Fri, 27/01/2023 - 05:30
I understand that change is hard and that for many people transgender issues are confusing. (I’m not sure why, exactly, it’s not like it’s new. I knew transgender people back in the 70s…) The apparently desire among the right wing to cause harm to transgender people, ostracize them, discriminate against them — especially those who have turned it into a culture war crusade for cynical political purposes — is making me sick. And the fact that they feel the need to lie about constantly tells you everything you need to know: On Jan. 11, 17-year-old Rebecca Phillips approached the lectern at a sparsely attended city council meeting in Santee, a suburb of San Diego, California. No item on the agenda brought her to city hall that night. Instead, she tearfully recounted how a local YMCA had followed state law and company policy by allowing a transgender woman to use the same locker room that she did. She had no contact with the woman and claimed only to have seen her, but the experience left her “terrified,” she said.
Fri, 27/01/2023 - 04:00
What else is new? Charles W. Cooke at National Review skewers Trump, saying he “has completely lost his grip on reality.” (Did he ever have it?) Needless to say the MAGA cult could not care less what National Review says about their hero. There was a point in time at which Trump’s unusual verbal affect and singular nose for underutilized wedge issues gave him a competitive edge. Now? Now, he’s morphing into one of the three witches from Macbeth. To peruse Trump’s account on Truth Social is to meet a cast of characters about whom nobody who lives beyond the Trump Extended Universe could possibly care one whit. Here in the real world, the border is a catastrophe, inflation is as bad as it’s been in four decades, interest rates have risen to their highest level in 15 years, crime is on the up, and the debt continues to mushroom. And yet, safely ensconced within his own macrocosm, Trump is busy mainlining Edward Lear.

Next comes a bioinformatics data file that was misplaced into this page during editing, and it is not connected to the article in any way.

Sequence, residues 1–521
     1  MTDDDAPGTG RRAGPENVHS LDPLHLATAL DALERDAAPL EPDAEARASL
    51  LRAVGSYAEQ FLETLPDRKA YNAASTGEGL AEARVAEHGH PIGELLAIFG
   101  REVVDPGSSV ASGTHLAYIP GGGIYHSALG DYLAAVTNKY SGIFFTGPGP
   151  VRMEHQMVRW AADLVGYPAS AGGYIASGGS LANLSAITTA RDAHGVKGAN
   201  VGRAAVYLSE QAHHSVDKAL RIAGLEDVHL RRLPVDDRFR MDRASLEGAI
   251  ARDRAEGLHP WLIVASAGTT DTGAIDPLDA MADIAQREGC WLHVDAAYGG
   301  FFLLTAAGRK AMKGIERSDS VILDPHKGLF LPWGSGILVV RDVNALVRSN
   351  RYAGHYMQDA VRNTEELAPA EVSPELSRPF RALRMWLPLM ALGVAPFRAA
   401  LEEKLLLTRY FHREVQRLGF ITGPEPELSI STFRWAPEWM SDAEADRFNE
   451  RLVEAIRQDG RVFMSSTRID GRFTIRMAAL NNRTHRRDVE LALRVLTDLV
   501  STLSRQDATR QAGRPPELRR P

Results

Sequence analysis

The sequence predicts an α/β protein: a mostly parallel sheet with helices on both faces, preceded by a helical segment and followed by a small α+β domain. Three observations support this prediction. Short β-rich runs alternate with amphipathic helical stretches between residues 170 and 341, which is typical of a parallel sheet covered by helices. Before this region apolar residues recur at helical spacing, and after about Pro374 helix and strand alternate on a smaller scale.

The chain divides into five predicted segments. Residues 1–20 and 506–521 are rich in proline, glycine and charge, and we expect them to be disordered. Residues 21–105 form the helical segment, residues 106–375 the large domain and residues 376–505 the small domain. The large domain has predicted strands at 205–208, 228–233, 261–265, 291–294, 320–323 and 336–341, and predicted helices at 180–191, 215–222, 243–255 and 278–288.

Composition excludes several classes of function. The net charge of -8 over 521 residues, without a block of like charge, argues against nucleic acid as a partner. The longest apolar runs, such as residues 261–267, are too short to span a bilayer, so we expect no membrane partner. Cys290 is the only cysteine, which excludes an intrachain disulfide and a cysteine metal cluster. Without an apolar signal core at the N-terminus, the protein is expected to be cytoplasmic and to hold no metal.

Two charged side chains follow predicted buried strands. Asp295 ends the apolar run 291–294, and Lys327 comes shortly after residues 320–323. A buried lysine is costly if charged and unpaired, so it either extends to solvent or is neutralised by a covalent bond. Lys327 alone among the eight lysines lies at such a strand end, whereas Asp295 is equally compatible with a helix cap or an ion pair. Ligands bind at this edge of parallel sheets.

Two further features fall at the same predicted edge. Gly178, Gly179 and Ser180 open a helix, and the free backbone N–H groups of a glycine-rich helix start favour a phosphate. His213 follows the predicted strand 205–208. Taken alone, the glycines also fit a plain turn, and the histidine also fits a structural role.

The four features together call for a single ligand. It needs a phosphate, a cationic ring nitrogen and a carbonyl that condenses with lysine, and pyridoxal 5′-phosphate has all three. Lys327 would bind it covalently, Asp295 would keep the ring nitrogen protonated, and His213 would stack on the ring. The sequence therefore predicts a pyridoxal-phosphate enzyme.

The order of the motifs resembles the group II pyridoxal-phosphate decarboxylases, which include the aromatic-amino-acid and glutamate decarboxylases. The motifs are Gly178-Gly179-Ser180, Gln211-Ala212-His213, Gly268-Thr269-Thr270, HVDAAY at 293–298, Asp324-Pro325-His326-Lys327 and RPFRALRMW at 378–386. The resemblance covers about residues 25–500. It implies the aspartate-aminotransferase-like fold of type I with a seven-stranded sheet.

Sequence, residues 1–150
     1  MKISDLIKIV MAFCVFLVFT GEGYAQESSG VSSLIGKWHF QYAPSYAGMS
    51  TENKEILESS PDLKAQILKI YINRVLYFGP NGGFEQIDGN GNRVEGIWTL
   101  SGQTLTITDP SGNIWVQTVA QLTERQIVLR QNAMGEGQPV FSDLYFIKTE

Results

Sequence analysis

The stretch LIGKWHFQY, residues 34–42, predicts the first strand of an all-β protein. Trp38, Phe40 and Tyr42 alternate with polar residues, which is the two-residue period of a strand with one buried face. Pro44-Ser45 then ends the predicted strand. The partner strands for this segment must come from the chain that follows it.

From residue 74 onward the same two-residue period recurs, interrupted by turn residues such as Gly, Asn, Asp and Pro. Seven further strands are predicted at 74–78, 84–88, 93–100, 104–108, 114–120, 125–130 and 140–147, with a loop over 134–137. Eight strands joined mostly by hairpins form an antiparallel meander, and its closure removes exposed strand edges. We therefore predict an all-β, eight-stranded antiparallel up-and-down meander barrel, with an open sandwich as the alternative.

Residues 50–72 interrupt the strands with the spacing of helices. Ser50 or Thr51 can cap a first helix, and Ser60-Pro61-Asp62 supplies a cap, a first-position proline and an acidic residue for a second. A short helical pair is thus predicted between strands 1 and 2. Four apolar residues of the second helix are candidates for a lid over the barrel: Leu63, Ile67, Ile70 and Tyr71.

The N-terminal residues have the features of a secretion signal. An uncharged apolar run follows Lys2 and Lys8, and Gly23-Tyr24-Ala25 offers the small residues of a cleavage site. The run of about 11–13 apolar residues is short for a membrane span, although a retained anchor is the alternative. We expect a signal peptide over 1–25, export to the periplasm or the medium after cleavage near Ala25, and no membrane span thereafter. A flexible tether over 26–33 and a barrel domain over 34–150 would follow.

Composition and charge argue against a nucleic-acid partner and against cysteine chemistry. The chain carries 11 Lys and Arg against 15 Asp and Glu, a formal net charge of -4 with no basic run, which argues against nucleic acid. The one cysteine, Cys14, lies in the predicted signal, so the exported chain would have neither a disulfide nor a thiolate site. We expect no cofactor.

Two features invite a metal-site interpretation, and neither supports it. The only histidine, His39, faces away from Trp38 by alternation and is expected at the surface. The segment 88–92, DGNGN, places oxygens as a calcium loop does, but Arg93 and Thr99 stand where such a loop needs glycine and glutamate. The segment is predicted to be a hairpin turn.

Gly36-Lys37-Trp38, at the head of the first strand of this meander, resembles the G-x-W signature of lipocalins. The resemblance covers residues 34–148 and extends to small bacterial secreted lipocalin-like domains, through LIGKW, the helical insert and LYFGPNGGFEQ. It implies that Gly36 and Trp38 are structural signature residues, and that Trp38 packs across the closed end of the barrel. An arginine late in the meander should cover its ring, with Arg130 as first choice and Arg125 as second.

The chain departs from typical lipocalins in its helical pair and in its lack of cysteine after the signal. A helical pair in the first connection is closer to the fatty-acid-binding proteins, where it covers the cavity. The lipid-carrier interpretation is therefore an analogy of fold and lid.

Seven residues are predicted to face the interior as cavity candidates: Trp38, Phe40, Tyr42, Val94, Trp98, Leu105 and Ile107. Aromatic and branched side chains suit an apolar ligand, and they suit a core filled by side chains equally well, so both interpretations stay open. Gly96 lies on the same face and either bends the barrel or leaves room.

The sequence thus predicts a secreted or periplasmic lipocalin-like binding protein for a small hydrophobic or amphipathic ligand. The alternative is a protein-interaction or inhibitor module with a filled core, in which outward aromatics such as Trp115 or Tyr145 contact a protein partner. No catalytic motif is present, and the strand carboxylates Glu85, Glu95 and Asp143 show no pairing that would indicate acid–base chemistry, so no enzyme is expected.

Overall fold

Fri, 27/01/2023 - 03:01
The Board of Officers of the American Philosophical Association (APA), at its Fall 2022 meeting, elected R. Lanier Anderson (Stanford) as its next Chair. The term of current Board Chair Dominic McIver Lopes, concludes at the end of this June, at which point Dr. Anderson will take up the position. Dr. Anderson, the APA notes in a press release, was member-at-large of the APA board of officers from 2018 to 2021; he has also served on the APA finance committee, the Pacific Division nominating committee, and the Pacific Division program committee. Anderson was executive director of the North American Nietzsche Society (NANS) from 2015 to 2021, and chair of the NANS program committee from 2004 to 2021; a member of the American Council of Learned Societies (ACLS) and Fulbright Program screening committees; and Senior Association Dean for the Humanities and Arts at Stanford University. He is a member of the American Society of Aesthetics and the North American Kant Society, as well as a member of the editorial boards of the European Journal of Philosophy, Journal of Nietzsche Studies, Nietzsche-Studien, and Stanford Encyclopedia of Philosophy. Dr.
Fri, 27/01/2023 - 02:30
Let people know whom to blame when the GOP strangles the recovery Democrats should promote the hell out of the Biden recovery (Washington Post): The U.S. economy grew by 2.1 percent in 2022, notching six months of solid growth despite widespread concern that the country might be on the brink of a recession. Those fears have been assuaged — at least for now. The economy posted another consecutive quarter of steady expansion between October and December, with economic activity increasing at a 2.9 percent annual rate. Consumer spending contributed to the strong fourth-quarter showing, especially given the slumps in large parts of the economy, including housing and manufacturing. Admit weak spots where they exist (inflation is coming down, but is still too high), but trumpet the upsides. The GOP would even in a downturn. “You may see [growth] and think the economy is out of the woods, but that would be entirely the wrong read,” said Joseph LaVorgna, chief economist at SMBC Nikko Securities America who expects a recession midyear. “There are a lot of variables that are all pointing in the same direction: There’s a housing recession.